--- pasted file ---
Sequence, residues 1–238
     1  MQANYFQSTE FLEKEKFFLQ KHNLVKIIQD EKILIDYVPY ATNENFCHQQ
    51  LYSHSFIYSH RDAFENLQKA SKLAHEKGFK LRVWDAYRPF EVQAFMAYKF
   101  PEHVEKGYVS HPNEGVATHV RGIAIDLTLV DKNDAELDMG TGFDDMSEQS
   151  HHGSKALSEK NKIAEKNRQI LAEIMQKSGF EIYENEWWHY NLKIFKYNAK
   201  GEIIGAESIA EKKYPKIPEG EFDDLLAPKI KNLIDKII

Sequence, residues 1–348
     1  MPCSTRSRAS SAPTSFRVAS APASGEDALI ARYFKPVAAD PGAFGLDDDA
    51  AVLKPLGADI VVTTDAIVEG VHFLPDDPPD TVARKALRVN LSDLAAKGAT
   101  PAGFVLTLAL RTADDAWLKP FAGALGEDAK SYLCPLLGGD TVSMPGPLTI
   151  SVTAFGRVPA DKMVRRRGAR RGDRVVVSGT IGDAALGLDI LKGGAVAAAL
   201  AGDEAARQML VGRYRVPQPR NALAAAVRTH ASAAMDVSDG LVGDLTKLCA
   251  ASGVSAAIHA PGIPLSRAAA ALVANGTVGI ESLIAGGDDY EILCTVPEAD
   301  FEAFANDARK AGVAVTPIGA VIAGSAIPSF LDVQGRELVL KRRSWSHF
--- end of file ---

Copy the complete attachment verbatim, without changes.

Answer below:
Sequence, residues 1–238
     1  MQANYFQSTE FLEKEKFFLQ KHNLVKIIQD EKILIDYVPY ATNENFCHQQ
    51  LYSHSFIYSH RDAFENLQKA SKLAHEKGFK LRVWDAYRPF EVQAFMAYKF
   101  PEHVEKGYVS HPNEGVATHV RGIAIDLTLV DKNDAELDMG TGFDDMSEQS
   151  HHGSKALSEK NKIAEKNRQI LAEIMQKSGF EIYENEWWHY NLKIFKYNAK
   201  GEIIGAESIA EKKYPKIPEG EFDDLLAPKI KNLIDKII

Sequence, residues 1–348
     1  MPCSTRSRAS SAPTSFRVAS APASGEDALI ARYFKPVAAD PGAFGLDDDA
    51  AVLKPLGADI VVTTDAIVEG VHFLPDDPPD TVARKALRVN LSDLAAKGAT
   101  PAGFVLTLAL RTADDAWLKP FAGALGEDAK SYLCPLLGGD TVSMPGPLTI
   151  SVTAFGRVPA DKMVRRRGAR RGDRVVVSGT IGDAALGLDI LKGGAVAAAL
   201  AGDEAARQML VGRYRVPQPR NALAAAVRTH ASAAMDVSDG LVGDLTKLCA
   251  ASGVSAAIHA PGIPLSRAAA ALVANGTVGI ESLIAGGDDY EILCTVPEAD
   301  FEAFANDARK AGVAVTPIGA VIAGSAIPSF LDVQGRELVL KRRSWSHF